Harvey Weinstein: Hollywood's shield?

Farrow, the son of Mia Farrow and Woody Allen, won the Pulitzer Prize for his 2017 New Yorker articles on Weinstein. “Too few people were willing to speak, much less allow a reporter to use their names, and Weinstein and his associates used nondisclosure agreements, payoffs, and legal threats to suppress their accounts,” Farrow wrote.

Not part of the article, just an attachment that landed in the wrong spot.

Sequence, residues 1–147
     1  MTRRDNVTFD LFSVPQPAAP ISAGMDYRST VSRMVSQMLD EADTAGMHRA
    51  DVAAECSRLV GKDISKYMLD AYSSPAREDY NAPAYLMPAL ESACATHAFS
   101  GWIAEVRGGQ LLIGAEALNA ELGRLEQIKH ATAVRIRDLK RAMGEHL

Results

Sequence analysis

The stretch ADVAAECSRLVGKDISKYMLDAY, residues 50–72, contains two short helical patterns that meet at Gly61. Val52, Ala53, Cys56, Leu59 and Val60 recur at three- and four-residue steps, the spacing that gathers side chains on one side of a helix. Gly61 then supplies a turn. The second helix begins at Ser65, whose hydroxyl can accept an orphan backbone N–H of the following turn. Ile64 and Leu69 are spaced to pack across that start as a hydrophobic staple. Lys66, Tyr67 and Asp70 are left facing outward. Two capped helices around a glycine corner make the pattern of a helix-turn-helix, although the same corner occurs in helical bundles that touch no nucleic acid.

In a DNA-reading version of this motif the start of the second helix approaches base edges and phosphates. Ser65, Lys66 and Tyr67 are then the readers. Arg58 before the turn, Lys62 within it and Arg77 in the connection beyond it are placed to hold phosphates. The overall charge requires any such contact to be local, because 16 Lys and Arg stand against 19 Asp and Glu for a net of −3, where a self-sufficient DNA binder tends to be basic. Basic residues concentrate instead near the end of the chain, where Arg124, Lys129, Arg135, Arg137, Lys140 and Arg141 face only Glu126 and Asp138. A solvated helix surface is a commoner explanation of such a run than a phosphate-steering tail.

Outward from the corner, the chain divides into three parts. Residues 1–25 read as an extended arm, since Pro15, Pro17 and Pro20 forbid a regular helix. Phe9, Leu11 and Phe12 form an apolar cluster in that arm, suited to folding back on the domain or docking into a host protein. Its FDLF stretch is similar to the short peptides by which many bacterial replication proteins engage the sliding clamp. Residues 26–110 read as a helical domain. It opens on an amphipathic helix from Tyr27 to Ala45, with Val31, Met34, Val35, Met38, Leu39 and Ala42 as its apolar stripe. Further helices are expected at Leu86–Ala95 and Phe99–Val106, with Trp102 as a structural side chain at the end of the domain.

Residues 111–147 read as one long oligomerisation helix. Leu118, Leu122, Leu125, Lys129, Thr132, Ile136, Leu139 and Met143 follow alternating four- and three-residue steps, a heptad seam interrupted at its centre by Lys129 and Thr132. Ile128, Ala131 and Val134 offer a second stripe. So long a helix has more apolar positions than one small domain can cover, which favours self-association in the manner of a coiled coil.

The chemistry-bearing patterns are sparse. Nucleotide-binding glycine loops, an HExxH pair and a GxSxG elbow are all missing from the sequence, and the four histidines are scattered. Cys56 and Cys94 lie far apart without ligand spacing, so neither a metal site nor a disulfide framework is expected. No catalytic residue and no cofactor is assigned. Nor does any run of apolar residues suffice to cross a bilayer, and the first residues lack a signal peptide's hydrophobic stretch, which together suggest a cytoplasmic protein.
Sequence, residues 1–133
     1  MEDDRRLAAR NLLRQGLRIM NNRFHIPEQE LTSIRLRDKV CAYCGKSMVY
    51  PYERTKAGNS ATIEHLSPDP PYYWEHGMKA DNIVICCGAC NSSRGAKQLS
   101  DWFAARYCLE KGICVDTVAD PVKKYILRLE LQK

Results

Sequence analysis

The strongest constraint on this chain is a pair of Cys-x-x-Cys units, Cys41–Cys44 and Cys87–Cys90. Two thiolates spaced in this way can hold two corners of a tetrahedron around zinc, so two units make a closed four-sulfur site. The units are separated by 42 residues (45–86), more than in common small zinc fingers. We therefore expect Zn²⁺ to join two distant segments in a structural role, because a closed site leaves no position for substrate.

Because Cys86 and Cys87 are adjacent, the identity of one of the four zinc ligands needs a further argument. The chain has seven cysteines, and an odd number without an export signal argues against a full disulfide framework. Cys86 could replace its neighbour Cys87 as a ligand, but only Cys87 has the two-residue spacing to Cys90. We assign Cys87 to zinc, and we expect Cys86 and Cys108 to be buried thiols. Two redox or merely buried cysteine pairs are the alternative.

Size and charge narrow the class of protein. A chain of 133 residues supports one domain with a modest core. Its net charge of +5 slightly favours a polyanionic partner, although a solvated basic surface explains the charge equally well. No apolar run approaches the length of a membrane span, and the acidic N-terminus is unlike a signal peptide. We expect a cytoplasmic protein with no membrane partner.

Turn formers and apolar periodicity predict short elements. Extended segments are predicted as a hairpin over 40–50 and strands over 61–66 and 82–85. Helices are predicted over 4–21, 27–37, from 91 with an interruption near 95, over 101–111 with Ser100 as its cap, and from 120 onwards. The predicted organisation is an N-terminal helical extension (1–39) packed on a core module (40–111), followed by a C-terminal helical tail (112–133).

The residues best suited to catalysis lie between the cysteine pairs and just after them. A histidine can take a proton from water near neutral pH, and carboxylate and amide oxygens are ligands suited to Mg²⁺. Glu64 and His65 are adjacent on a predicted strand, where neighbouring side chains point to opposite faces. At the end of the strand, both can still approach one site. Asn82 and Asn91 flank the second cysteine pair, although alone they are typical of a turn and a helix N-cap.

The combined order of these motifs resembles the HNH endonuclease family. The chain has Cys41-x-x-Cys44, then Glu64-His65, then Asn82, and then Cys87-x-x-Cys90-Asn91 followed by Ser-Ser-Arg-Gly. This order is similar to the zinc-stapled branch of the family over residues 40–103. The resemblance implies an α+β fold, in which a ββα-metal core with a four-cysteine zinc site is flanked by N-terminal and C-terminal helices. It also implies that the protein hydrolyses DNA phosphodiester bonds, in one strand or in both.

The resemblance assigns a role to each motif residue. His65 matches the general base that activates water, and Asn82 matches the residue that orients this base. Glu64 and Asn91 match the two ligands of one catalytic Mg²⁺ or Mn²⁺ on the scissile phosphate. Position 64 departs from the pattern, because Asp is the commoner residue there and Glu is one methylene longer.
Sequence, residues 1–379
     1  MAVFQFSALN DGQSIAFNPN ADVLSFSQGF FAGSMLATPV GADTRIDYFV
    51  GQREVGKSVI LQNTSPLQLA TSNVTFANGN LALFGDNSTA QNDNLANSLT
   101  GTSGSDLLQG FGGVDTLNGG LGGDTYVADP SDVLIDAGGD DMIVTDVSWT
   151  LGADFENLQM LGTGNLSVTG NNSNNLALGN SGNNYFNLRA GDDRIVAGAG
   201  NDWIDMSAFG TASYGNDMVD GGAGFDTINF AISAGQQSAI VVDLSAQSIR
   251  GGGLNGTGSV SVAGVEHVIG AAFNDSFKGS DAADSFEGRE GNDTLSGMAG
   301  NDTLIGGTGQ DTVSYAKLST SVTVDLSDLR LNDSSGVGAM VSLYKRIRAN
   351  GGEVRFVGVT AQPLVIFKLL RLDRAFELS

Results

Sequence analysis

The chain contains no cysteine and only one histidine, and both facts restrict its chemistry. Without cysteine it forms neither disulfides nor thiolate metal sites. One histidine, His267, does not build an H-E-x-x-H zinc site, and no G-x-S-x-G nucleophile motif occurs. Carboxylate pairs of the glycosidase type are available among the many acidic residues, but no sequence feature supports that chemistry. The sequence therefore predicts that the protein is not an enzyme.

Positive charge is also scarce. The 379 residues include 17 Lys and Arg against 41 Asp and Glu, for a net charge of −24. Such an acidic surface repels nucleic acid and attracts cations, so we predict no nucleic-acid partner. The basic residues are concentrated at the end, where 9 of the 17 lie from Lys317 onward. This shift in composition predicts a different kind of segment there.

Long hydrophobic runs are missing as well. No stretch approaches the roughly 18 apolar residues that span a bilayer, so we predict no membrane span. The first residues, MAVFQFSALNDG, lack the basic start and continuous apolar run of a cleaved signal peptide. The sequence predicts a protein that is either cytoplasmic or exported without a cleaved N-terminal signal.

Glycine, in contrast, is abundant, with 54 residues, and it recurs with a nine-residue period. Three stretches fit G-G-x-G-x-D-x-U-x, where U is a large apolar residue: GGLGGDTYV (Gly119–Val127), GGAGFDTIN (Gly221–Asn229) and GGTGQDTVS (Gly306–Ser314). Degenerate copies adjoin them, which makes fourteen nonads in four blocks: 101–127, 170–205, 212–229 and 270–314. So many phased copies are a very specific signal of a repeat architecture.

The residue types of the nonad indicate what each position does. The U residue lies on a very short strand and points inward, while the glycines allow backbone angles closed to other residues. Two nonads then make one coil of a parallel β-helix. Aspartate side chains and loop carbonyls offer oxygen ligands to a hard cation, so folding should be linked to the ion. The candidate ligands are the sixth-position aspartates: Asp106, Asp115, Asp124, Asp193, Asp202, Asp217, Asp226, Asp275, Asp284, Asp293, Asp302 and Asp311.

But while this is plausible, it is also — in isolation — an oversimplification. Many rich and influential people who could have spoken up chose not to do so; raising their voices would have cost them too much. Speaking now, by contrast, has never been cheaper and easier. Kill Bill actress Uma Thurman sent out a Thanksgiving message in which she attacked Weinstein “and all his wicked conspirators.” George Clooney and Matt Damon also spoke out, saying that this is the “moment to believe women” — which is a ridiculous generalization. Some men trade on their power in order to get sex. But some women also use their sexuality to gain power. The specific facts of each case matter.